"And if I fight with a loved one, Lord,
Won't you please make me the winner?" -- Loudon Wainwright III, "Thanksgiving."
Each holiday has its cliches, and each has remora comedians and commentators pointing them out for the younger and less observant of us. Some of the time, they crack wise, sometimes wisely, sometimes morosely. However, the winks and grins come from pain deep enough for trauma. The people out there in the audience have had some pretty bad times at the holidays. What is it about Thanksgiving and family fights, though? Every year, those people called family come together to eat and fight. One of them mentions a past grievance or a present political preference or notice an article of clothing, and suddenly the grown-ups table becomes more emotional and louder than the children's table. Boom, boom, shriek, glower/ We will not stay another hour.
So, how do we get there? We get there by becoming adults. The kinds of fights we have can not take place when we're young. We have arguments of unknown etiology and pessimistic prognosis solely because we have gotten over those old competitions and resentments of youth. Furthermore, we fight inerrantly about the bones of our maturity. This is not as much of a paradox as it seems.
Suppose you grew up bitter at the taste of the bridle. You would go on to assert independence and figure out how to tolerate authority by becoming the authority or by dropping out of the power structure. It would be one of the keys to becoming an adult, for you, to be your own person. Suppose instead that you grew up aggravated and depressed by distant parents. If that were the case, you would survive the burden by becoming self-sufficient or the center of jollity. Sibling rivalry is too various to discuss -- the sisters' vanity battle, the brothers' pounding on each other or tricking each other into trouble -- whatever it is, it will throw one of the biggest obstacles to life at you, and you will have to handle it and neutralize it as you become an adult. You can, as ever, win by fighting or by swallowing the opposition. Whatever your strategy, it will have been crafted very specifically to meet very specific needs.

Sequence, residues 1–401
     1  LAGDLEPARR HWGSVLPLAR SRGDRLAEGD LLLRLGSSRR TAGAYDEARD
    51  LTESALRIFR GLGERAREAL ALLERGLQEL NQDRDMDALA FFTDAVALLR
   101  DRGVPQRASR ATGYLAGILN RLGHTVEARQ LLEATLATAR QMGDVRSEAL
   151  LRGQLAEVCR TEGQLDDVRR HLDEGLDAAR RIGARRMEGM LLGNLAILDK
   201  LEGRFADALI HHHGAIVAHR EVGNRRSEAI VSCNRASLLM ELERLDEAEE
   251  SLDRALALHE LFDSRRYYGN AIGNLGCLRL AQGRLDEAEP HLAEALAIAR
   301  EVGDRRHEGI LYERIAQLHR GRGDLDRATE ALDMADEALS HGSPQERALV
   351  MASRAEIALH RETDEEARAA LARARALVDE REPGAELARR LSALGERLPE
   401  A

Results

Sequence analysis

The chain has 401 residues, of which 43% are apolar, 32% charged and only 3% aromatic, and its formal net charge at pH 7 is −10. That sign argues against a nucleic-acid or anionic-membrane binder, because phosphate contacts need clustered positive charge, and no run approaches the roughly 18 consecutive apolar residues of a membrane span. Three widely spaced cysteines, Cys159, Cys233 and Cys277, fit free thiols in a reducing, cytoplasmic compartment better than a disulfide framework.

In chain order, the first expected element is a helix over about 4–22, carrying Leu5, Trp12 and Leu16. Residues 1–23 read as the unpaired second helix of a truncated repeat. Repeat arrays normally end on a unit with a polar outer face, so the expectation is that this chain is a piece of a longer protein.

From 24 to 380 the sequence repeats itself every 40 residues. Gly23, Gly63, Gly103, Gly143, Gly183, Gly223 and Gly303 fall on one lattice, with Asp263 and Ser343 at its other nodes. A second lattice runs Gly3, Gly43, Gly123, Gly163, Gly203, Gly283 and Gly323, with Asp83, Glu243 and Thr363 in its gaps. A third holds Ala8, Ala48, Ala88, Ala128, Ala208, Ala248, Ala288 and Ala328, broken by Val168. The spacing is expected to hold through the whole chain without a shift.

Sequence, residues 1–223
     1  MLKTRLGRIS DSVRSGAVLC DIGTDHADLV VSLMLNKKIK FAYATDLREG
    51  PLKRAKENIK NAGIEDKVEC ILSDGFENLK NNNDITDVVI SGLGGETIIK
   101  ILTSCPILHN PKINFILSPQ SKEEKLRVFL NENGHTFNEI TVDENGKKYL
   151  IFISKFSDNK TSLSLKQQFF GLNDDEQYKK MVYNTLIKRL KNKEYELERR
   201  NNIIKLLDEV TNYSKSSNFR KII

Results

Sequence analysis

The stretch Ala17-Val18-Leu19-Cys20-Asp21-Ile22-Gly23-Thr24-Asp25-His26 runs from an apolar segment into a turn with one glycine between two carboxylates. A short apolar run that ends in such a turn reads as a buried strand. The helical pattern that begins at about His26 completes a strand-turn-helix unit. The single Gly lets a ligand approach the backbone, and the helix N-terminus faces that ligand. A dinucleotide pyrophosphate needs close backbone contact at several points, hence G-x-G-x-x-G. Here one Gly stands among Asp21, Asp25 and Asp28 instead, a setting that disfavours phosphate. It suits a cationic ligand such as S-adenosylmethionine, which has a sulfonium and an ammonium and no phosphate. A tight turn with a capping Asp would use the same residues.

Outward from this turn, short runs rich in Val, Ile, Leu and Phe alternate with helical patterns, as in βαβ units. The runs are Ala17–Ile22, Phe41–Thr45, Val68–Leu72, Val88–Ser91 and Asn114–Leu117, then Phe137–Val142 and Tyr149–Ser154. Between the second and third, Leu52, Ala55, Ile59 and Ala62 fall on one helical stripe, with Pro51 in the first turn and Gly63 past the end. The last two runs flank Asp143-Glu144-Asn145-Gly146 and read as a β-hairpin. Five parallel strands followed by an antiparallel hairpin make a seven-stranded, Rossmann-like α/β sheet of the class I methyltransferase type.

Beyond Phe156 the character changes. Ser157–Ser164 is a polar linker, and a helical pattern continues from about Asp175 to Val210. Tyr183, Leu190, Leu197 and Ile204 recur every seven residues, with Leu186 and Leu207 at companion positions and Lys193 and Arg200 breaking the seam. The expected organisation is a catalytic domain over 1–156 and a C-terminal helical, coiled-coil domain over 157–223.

At the feast, our strategies, all developed like receptors to the antigens of our family, are at the fore, on the skin, in the stare, quavering in the voice, firing the nostrils. We have allergies to our family. Additionally, Thanksgiving is a collection of adults who are not in charge. Being in charge is not merely a long-sought privilege of maturity, but is also the licensing condition for coping with the past. The most placid family get togethers are the ones where each adult is given a task. The delegation of authority leaves each member of the family Executive Vice President of this or that, and that is why the best pacifier to the family fight is having children. When you have kids to manage and control access to, you are guaranteed maturity, guaranteed to be in charge. If, however, you have not or not yet swum upstream, spawned, and survived, or if the children are with the ex-, or just absent, then you are not in charge. You are idle and dependent, and only your personality stands between you and the others.
So, there you are, faced with those burdens and your compensations. If any, and I mean ane ne, of your strategies were anti- the parent/sibling, then very soon you will prove your personal growth by demonstrating how little you care about what that person did. You will attack, in other words, without knowing about it. That's why it will be impossible not to mention how your parents paid her way as an "artist," and why his snort of derision at The Nutcracker at the local theater is surely meant to be an insult to your years as an artist.
Call upon the divine for a victory, because to win the fight to prove to yourself that you closed the holes those people called family made in you is to win an all important battle. Winning means autonomy. It means being whole. It is a fight for a self that you are having, and the fight proves that you have already lost, that some part of you, even if that is the memory of wrongs long done, is owned by someone else.